Results

Participants were children between 2 and 9 years old. Children received a diagnosis of ASD with a standardised tool including the Childhood Autism Rating Scale (CARS), the Autism Diagnostic Interview Revised (ADI-R), or the Social Responsiveness Scale (SRS). Outcome measures included non-generalised outcomes (changes in child's non-generalised behaviour in the same setting of the intervention) and generalised outcomes (changes observed in other settings).

  • There was a greater effect on non-generalised social interaction skills following music therapy (standardised mean difference [SMD] 1.06, 95% CI 0.02 to 2.10, p=0.046; 1 study, n=10).

  • There was a greater effect on generalised social interaction skills following music therapy (SMD 0.71, 95% CI 0.18 to 1.25, p=0.0092; 3 studies, n=57).

  • There was a greater effect on non-generalised communicative skills (non-verbal) following music therapy (SMD 0.57, 95% CI 0.29 to 0.85, p=0.000068; 3 studies, n=30).

  • Generalised communicative skills (non-verbal) were not significantly higher after music therapy compared to control therapy (SMD 0.48, 95% CI −0.02 to 0.98, p=0.060; 3 studies, n=57).

  • There was a greater effect on non-generalised communicative skills (verbal) following music therapy (SMD 0.33, 95% CI 0.16 to 0.50, p=0.00015; 4 studies, n=92).

  • Generalised communicative skills (verbal) were not significantly higher after music therapy compared to control therapy (SMD 0.30, 95% CI -0.28 to 0.89, p=0.31; 2 studies, n=47).

  • There was a greater effect on non-generalised initiating behaviour following music therapy (SMD 0.73, 95% CI 0.36 to 1.11, p=0.00011; 3 studies, n=22).

  • There was a greater effect on non-generalised social-emotion reciprocity following music therapy (SMD 2.28, 95% CI 0.73 to 3.83, p=0.0039; 1 study, n=10).

  • There was a greater effect on non-generalised social adaptation following music therapy (SMD 1.15, 95% CI 0.69 to 1.61, p<0.00001; 3 studies, n=22).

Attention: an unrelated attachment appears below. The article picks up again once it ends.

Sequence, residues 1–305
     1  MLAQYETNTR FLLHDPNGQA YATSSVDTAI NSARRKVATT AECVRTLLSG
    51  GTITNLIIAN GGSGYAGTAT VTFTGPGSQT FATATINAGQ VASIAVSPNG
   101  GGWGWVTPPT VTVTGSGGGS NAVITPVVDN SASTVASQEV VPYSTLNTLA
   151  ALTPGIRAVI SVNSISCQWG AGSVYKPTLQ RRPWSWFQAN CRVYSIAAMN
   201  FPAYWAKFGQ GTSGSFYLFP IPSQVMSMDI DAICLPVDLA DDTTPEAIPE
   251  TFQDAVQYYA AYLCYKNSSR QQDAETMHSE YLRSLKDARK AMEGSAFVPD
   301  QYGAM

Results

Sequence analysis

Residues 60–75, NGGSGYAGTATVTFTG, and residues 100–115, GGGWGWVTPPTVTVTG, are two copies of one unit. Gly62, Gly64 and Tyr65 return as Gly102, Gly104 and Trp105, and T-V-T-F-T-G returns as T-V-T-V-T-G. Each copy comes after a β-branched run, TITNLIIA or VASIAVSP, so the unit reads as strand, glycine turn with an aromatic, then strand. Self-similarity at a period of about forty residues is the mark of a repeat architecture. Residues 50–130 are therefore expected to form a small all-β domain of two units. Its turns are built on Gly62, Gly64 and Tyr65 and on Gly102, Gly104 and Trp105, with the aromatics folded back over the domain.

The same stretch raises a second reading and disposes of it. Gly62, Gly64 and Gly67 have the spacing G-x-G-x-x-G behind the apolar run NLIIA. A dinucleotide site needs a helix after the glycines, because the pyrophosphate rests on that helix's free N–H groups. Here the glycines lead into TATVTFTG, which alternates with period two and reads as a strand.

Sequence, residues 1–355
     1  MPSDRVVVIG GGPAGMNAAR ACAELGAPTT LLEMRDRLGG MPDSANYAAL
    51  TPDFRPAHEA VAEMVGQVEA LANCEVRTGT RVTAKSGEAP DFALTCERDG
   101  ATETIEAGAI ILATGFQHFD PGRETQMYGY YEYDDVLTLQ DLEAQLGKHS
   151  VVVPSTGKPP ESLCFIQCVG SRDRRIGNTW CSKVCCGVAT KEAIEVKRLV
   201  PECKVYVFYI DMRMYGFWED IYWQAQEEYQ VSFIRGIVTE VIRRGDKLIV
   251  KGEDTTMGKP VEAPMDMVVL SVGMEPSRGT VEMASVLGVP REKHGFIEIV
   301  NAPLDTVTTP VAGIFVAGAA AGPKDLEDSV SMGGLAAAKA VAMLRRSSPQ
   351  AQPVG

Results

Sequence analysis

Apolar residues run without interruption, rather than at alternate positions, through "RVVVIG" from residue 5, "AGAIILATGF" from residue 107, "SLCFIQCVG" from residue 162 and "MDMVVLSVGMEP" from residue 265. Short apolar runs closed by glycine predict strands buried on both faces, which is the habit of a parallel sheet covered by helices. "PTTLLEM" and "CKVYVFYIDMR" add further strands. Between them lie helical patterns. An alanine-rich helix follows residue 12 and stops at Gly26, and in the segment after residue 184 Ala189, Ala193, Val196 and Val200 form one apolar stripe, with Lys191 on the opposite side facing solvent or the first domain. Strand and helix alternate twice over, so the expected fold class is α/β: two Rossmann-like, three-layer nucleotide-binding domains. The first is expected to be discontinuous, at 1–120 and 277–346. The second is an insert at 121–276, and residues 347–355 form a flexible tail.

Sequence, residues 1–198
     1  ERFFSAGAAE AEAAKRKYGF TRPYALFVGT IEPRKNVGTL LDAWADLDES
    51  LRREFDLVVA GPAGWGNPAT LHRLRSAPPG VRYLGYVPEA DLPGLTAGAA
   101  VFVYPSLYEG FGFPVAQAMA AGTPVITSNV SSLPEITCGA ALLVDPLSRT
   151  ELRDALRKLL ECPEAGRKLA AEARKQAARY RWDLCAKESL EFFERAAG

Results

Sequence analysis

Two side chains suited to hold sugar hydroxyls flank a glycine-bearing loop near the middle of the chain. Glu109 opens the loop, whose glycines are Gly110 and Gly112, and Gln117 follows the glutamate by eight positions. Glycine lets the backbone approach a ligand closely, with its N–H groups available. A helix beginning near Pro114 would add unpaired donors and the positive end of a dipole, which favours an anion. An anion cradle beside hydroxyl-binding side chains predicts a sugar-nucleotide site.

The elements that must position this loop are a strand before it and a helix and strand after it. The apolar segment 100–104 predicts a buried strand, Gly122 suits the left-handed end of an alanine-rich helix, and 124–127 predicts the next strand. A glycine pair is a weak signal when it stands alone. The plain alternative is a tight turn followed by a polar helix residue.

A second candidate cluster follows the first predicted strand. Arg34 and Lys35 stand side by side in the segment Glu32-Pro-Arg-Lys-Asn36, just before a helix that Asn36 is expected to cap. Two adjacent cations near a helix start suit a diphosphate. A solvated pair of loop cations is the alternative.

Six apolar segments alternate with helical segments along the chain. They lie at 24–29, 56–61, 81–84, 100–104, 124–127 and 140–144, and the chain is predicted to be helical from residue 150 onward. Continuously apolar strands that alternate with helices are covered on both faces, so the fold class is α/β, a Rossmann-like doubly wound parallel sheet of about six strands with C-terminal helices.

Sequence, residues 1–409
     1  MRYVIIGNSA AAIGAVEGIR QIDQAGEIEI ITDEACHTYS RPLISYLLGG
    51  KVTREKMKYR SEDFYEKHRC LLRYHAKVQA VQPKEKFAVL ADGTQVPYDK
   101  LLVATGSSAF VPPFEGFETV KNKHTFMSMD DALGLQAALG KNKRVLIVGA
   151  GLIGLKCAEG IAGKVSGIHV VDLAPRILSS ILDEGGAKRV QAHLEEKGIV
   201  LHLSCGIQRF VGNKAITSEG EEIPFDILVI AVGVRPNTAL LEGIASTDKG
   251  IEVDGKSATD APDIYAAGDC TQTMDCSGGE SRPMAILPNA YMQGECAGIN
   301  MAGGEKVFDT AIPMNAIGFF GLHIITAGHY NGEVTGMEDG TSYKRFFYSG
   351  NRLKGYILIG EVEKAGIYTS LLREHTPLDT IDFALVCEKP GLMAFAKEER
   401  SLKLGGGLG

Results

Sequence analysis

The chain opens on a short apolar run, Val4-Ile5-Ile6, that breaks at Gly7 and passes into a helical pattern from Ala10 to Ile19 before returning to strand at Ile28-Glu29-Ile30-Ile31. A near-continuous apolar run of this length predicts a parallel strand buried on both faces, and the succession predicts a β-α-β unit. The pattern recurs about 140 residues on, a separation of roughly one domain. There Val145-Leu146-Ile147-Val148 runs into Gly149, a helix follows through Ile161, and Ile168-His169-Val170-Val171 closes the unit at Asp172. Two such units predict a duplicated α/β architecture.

• There was a greater effect on generalised social adaptation following music therapy (SMD 0.24, 95% CI 0.02 to 0.46, p=0.029; 1 study, n=4).

  • None of the studies reported adverse effects.

Strengths and limitations

Strengths

The main strength was that the study used the Cochrane methodology and had low risk of bias. The authors judged that more than 75% of studies had low risk of attrition bias, reporting bias and other bias. If heterogeneity was present, it was not significant apart from a combined meta-analysis of non-generalised and generalised outcomes.

Limitations

A limitation of this systematic review was the small sample size of the included studies (6 studies with 10 or fewer participants and 4 studies with 50 or fewer participants). Sample size limitation was partially compensated by most of the studies using crossover designs. The authors judged that half or more of the studies had unclear risk of selection bias, detection bias and performance bias.

Impact on guideline

This systematic review and meta-analysis provides evidence that music therapy may have positive effects on social interaction and communication skills in children with ASD. Two of the 10 included studies in this systematic review were also considered during guideline development under art-based interventions. However, there are no specific recommendations in NICE guideline CG170 for the use of art-based interventions for the treatment of autism. Guideline committee members commented during this surveillance review that there was not a clear opinion about music therapy in the current guideline. It was concluded that the evidence from this Cochrane review was not enough to update NICE guideline CG170 in this area because the evidence was from studies with small sample sizes and unclear risk of relevant bias.

We selected the Cochrane review by Oono et al. (2013) for a full commentary because it provides evidence that children with ASD may make gains in language skills following parent-mediated interventions and topic experts felt that this evidence is very applicable to recommendation 1.3.1.

Methods

Oono et al. (2013) conducted a Cochrane review of 17 randomised controlled trials (n=919) assessing the effectiveness of parent-mediated early interventions in terms of the benefits for both children and their parents. Control groups included no treatment, treatment as usual, waiting list, alternative child-centred intervention not mediated by parents or an alternative parent-mediated intervention different to the intervention under study. Parent-mediated early interventions were delivered by professionals (including group or individual training) to improve the management of their children's ASD-related difficulties in areas such as communication, social development, learning and behaviours. The duration of the interventions ranged from 1 week to 2 years. Participants were children with ASD (aged between 17 months to 6 years with varied levels of functioning). The primary outcomes were child communication and social development (including language development [comprehension and expression], social communication skills and skills in interaction with parent) and parents' level of stress. Sensitivity analyses were done including studies with low and unclear risk of bias in 4 domains: sequence generation, allocation concealment, blinding of outcome, and attrition.